More Details on Network Solutions and the Dutch Anti-Islam Movie:

ComputerWorld reports:

Web hosting company Network Solutions LLC has suspended a Web site that a conservative Dutch politician wanted to use to release an anti-Quran video that critics are saying is extremely critical of Islam....

In a statement sent via e-mail, Network Solutions said that it was investigating a number of complaints that the Web site may have violated its guidelines on hate language. Network Solutions' acceptable use policy say that the company bans content "that is obscene, defamatory, libelous, unlawful, harassing, abusive, threatening, harmful, vulgar, constitutes an illegal threat, violates export control laws, hate propaganda, fraudulent material or fraudulent activity, invasive of privacy or publicity rights, profane, indecent or otherwise objectionable material of any kind or nature."

According to published reports, Wilders has said the 15-minute film describes Islam as "the enemy of freedom." ... Network Solutions said it has also asked Wilders if the company could review the film before it was loaded onto the site to determine if it violates its acceptable use policy. However, the company said Wilders has not responded to its requests, so, in the interim, it has suspended the Web site....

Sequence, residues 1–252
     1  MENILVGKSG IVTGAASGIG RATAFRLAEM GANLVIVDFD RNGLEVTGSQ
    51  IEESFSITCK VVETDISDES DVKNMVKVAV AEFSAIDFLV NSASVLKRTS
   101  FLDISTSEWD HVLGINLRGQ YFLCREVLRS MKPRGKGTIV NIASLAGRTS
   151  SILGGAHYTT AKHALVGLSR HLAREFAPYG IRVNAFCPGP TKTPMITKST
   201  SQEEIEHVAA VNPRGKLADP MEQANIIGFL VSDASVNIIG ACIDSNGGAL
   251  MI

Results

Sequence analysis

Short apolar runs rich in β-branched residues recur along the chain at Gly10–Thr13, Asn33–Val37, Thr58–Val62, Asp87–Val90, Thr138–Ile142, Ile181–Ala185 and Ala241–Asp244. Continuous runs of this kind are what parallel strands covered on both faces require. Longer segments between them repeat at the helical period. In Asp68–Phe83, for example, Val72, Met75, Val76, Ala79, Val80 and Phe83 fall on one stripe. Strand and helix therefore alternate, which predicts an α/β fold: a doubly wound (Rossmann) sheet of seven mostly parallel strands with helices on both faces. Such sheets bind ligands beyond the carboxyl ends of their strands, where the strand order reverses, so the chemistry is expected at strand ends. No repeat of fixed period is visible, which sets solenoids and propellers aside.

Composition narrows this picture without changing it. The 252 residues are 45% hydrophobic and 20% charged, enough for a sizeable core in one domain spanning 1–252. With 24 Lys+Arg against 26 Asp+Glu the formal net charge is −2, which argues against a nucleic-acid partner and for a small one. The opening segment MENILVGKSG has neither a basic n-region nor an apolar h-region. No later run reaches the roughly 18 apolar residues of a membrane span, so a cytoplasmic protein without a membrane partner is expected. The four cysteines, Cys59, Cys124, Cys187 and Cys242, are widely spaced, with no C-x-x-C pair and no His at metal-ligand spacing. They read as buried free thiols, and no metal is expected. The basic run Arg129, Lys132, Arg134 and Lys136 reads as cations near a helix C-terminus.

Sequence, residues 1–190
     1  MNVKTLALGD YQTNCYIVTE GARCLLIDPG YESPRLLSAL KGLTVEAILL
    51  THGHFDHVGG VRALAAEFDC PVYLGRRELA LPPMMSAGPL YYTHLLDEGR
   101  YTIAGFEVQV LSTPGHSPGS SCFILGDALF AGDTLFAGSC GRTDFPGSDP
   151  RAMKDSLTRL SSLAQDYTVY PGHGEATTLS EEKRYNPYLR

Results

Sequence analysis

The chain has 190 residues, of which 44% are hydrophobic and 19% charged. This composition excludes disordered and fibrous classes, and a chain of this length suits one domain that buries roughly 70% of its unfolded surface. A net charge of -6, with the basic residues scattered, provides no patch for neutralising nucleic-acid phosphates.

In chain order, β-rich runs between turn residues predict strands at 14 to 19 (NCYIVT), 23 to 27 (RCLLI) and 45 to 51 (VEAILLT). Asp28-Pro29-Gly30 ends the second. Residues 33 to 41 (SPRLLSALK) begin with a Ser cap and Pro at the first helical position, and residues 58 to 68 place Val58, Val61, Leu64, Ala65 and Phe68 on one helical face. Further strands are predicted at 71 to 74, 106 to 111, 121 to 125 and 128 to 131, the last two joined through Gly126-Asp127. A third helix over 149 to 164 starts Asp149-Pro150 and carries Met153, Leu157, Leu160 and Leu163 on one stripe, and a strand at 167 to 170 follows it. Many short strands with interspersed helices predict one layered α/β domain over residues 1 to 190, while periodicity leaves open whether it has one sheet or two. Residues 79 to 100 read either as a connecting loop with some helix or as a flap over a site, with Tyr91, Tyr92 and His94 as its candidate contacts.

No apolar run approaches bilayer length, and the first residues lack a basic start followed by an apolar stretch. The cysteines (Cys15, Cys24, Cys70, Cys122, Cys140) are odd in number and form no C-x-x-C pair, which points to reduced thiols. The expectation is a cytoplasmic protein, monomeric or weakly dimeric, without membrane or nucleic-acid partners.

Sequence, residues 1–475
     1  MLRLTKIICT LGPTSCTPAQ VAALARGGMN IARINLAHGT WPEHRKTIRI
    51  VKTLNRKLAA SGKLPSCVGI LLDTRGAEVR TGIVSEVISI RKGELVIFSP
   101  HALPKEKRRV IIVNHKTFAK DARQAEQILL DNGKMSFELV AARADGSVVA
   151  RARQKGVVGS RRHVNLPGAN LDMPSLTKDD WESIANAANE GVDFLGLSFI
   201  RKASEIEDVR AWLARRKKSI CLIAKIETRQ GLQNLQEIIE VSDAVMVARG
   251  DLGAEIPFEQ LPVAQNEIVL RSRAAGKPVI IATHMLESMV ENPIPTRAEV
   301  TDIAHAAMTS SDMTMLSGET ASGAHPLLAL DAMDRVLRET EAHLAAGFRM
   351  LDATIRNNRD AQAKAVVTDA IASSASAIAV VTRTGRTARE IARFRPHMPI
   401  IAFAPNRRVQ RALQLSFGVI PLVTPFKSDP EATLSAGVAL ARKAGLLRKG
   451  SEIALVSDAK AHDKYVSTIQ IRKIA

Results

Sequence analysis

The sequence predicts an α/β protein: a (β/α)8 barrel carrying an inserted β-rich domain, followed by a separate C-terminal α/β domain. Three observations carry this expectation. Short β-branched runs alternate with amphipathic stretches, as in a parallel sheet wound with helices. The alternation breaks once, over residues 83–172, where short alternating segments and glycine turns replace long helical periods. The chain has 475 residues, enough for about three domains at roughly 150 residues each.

Note, by the way, that the Network Solutions Acceptable Use Policy begins by saying that it

delineates the relatively narrow range of uses of Network Solutions services that are contrary to Network Solutions' mission, generally because such uses either pose an unacceptable risk to the stability, integrity, or quality of Network Solutions' systems or the systems of its vendors, or harm (or threaten to harm) the rights and interests of third parties

but then goes on to ban, among other things, anything that is "vulgar, ... hate propaganda, ... profane, indecent or otherwise objectionable material of any kind or nature." I realize "relatively narrow" is a pretty vague term, but this doesn't seem "relatively narrow" to me; and it bespeaks a very broad view of what constitutes "an unacceptable risk to ... the rights and interests of third parties." (Of course, if Network Solutions is worried about violent retaliation against itself, that would indeed involve a high risk to their rights and interests; but I'm speaking here of the terms of the policy, and not the particular way it's being applied here.)